Three people have asked for the circuit now and one asked for some more details about the components.

 

I have just finished a five page PDF with what the components are, how to recognise them, a parts list, a transistor pinout chart and a resistor colour code chart.

 

Send a message and I'll gladly send it to you.

 

Cheers - Jim

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Guest Jim Read

Hello all,

 

I've done the little vid of the controller working you can see it here: http://tinyurl.com/mthkvbu

 

A PDF with the instructions and a brief tutorial is ready for those who wish to learn 'on the job' about electronic components.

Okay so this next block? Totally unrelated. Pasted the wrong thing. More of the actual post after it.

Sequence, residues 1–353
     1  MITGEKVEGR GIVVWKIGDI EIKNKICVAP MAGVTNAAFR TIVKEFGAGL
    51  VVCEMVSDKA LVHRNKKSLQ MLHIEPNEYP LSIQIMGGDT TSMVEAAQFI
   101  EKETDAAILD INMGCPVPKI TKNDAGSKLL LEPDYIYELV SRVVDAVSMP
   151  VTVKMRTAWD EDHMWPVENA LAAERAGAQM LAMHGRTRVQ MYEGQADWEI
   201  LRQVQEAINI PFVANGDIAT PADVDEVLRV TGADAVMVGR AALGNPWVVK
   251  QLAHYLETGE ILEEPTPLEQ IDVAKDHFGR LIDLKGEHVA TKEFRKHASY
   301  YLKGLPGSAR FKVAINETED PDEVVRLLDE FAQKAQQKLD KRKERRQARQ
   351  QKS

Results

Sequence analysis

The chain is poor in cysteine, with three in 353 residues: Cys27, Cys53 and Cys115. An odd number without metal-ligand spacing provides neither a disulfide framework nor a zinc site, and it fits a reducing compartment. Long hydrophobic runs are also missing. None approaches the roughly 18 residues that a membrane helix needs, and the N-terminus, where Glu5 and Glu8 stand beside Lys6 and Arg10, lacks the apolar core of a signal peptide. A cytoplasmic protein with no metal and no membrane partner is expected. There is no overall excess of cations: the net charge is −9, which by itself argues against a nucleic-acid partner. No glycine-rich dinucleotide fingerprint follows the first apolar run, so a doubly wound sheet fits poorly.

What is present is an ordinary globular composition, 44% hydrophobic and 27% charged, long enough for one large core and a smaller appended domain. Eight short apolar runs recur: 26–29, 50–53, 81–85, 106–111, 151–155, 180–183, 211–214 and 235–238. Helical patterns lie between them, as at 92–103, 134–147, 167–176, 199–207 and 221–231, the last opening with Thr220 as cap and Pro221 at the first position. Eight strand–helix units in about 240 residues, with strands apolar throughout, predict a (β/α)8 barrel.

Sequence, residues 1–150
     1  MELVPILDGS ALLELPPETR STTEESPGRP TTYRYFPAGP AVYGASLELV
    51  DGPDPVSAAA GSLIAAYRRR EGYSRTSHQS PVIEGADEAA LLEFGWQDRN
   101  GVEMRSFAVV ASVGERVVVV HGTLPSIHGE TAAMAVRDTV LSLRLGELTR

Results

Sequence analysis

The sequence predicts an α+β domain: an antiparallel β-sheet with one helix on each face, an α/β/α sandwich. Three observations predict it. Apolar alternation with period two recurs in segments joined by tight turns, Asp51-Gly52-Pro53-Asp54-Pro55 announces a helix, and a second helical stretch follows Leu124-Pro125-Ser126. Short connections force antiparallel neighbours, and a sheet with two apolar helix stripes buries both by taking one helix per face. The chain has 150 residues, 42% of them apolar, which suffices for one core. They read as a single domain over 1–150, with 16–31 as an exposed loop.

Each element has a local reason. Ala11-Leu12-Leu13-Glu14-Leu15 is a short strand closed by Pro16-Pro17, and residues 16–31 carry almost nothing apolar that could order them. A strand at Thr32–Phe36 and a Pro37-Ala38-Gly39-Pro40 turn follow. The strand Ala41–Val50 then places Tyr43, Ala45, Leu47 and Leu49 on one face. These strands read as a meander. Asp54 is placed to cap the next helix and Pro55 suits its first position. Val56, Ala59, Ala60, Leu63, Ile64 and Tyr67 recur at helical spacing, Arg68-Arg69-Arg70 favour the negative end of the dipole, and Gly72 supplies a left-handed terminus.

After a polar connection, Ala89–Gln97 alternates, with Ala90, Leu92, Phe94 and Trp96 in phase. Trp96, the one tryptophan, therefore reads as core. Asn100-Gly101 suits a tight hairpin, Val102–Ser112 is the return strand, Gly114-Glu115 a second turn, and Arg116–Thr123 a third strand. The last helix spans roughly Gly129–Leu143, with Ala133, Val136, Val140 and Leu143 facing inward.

Both the locos in the vid are powered by Mashima 1833 motors with flywheels and if very carefully set will take 20 minutes or so to cover 4 of 5 feet. At the last show I went to in Mansfield I was talking to a visitor and he said I'm sure thats in a different place now, I looked at the controller and sure enough it was just faintly on.

 

Brian has asked that the controller be shared amongst enthusiasts but not published anywhere, I would ask anyone who wants the circuit to respect his wish.

 

Cheers - Jim

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Hello Jim

 

I've been looking for a controller for some time, and yours seems to be a good solution.

 

One question - I believe I've read that pulse control will damage Portescap motors. Is this correct? If so, what damage will this controller do to Portescap motors, if any? I don't have many Portescaps, but I do have some.